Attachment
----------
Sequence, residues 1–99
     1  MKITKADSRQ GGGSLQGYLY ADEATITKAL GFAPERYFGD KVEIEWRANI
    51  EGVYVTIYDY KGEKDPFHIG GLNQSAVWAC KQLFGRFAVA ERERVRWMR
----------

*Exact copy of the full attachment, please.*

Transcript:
Sequence, residues 1–99
     1  MKITKADSRQ GGGSLQGYLY ADEATITKAL GFAPERYFGD KVEIEWRANI
    51  EGVYVTIYDY KGEKDPFHIG GLNQSAVWAC KQLFGRFAVA ERERVRWMR